I don't view this with the detached eye of a historian. If you were to look at my family tree, you would see that most of the branches come to an abrupt end in the early 1940s. They were murdered because they were Jewish, caught in the jaws of the Nazi genocide as a scapegoated outgroup.
After the Holocaust, Europe got in the habit of vowing "never again". But fifty years later, genocide happened again - this time just 600 miles away, in Yugoslavia. Between 1992 and 1995, during the Yugoslav War, over 100,000 Muslims were slaughtered by Serbians in violent acts that became known as "ethnic cleansing". One of the worst events of the war happened in Srebrenica: here, over the course often days, 8,000 Bosnian Muslims - known as Bosniaks - were shot and killed. They had taken refuge inside a United Nations compound after Srebrenica was surrounded by siege forces, but on July 11th 1995, the United Nations commanders expelled all the refugees from the compound, delivering them into the hands of their enemies waiting just outside the gates. Women were raped, men were executed, and even children were killed.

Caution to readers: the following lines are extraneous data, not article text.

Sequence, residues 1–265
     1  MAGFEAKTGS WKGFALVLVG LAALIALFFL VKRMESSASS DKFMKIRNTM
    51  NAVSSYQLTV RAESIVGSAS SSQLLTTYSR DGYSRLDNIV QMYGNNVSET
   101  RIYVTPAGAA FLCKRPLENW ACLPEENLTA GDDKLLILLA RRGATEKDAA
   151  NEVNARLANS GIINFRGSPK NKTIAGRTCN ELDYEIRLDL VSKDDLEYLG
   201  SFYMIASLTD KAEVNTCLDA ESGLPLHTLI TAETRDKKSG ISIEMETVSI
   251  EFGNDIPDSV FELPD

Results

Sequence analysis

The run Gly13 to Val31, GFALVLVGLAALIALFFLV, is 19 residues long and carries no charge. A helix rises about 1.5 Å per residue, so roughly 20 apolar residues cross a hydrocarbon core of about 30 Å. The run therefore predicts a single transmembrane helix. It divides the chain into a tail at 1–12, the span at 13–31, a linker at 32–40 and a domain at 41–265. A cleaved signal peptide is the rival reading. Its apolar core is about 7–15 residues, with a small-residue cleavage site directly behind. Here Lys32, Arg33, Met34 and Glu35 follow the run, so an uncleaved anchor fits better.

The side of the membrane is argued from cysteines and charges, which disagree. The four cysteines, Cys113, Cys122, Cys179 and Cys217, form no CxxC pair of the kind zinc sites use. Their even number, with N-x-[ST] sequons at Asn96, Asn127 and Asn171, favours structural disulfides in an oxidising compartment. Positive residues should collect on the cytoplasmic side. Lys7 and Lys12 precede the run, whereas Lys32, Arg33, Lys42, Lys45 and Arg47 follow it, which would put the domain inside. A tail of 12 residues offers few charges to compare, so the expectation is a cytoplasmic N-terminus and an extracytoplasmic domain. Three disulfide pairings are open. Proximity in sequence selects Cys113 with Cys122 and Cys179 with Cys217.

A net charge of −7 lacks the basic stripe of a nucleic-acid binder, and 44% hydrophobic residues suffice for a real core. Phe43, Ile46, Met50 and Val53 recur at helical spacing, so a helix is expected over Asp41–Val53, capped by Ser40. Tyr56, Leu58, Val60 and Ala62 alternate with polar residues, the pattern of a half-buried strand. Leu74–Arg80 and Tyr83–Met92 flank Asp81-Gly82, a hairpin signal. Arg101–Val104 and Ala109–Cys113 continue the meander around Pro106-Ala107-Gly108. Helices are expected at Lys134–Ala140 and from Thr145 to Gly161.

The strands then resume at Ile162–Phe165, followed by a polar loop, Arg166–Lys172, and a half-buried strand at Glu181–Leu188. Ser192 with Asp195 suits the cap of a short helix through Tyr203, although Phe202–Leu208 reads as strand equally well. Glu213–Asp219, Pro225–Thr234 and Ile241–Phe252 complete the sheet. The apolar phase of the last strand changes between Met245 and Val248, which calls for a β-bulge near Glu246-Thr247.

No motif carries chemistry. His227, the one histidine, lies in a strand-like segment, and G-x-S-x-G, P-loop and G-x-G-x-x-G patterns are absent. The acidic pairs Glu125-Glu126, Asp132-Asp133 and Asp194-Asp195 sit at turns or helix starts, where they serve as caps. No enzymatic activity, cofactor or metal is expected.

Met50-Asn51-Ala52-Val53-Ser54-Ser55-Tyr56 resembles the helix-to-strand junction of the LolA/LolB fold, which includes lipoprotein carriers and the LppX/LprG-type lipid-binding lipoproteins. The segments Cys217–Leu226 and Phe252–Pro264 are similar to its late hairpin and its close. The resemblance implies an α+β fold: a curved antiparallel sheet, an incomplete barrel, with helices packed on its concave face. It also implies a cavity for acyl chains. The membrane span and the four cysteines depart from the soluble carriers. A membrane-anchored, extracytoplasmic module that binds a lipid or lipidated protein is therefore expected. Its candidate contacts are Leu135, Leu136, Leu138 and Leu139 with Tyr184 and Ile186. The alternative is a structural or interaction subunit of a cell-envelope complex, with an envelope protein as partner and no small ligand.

Dutch forces watch over the United Nations compound in which thousands of Bosnian Muslims sought refuge. Hasan Nuhanovic lost his family in the massacre that ensued when the Dutch commanders expelled the refugees into the hands of the siege forces.
[ABSOLUTE DISGUSTING HAPPENINGS AND BY THE UN…..TERRIBLE JUST TERRIBLE. ALL THAT NATIONS DO TO EACH OTHER IN HATE WILL BE JUDGED, ONE DAY GOD WILL GIVE THE WORLD, WELL A GOOD PORTION OF IT, ALL THE DEATH AND BLOOD IT SEEMS TO CRAVE; THE “DAY OF THE LORD” IS NOT A TIME TO LOOK FORWARD TO, ONLY IT WILL HAVE AN END AND JESUS CHRIST WILL RETURN TO RULE THIS EARTH AND ALL NATIONS UPON IT; THEN THERE WILL BE PEACE FOR 1,000 YEARS - Keith Hunt]